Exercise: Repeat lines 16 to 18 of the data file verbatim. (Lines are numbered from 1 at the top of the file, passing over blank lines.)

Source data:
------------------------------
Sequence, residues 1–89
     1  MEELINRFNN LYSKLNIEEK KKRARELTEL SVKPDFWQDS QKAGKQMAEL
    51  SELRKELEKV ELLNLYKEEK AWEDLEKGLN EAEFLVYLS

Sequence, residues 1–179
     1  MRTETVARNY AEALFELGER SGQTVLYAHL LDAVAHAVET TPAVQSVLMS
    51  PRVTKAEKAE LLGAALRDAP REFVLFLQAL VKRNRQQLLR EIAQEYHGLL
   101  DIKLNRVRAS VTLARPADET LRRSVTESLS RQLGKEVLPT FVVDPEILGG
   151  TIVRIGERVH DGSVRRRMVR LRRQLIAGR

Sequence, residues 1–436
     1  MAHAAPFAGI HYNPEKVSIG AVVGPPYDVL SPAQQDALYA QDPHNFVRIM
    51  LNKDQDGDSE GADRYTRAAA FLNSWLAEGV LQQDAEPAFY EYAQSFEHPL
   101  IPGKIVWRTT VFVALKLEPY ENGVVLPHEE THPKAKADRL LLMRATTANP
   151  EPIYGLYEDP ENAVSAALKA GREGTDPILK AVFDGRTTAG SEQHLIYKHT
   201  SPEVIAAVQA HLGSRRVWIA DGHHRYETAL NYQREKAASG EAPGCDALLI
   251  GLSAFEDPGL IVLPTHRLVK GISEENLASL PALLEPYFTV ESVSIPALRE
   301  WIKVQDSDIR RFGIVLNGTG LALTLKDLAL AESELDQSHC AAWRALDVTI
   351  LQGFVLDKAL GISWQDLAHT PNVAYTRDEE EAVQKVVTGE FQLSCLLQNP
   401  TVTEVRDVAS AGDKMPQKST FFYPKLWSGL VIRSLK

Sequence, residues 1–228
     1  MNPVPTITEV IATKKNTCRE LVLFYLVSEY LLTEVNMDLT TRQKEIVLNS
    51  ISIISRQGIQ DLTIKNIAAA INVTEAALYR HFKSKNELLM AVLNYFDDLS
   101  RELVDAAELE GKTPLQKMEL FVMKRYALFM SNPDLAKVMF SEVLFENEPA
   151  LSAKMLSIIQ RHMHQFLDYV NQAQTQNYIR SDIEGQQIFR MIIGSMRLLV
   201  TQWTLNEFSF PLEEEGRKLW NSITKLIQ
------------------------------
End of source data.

   301  WIKVQDSDIR RFGIVLNGTG LALTLKDLAL AESELDQSHC AAWRALDVTI
   351  LQGFVLDKAL GISWQDLAHT PNVAYTRDEE EAVQKVVTGE FQLSCLLQNP
   401  TVTEVRDVAS AGDKMPQKST FFYPKLWSGL VIRSLK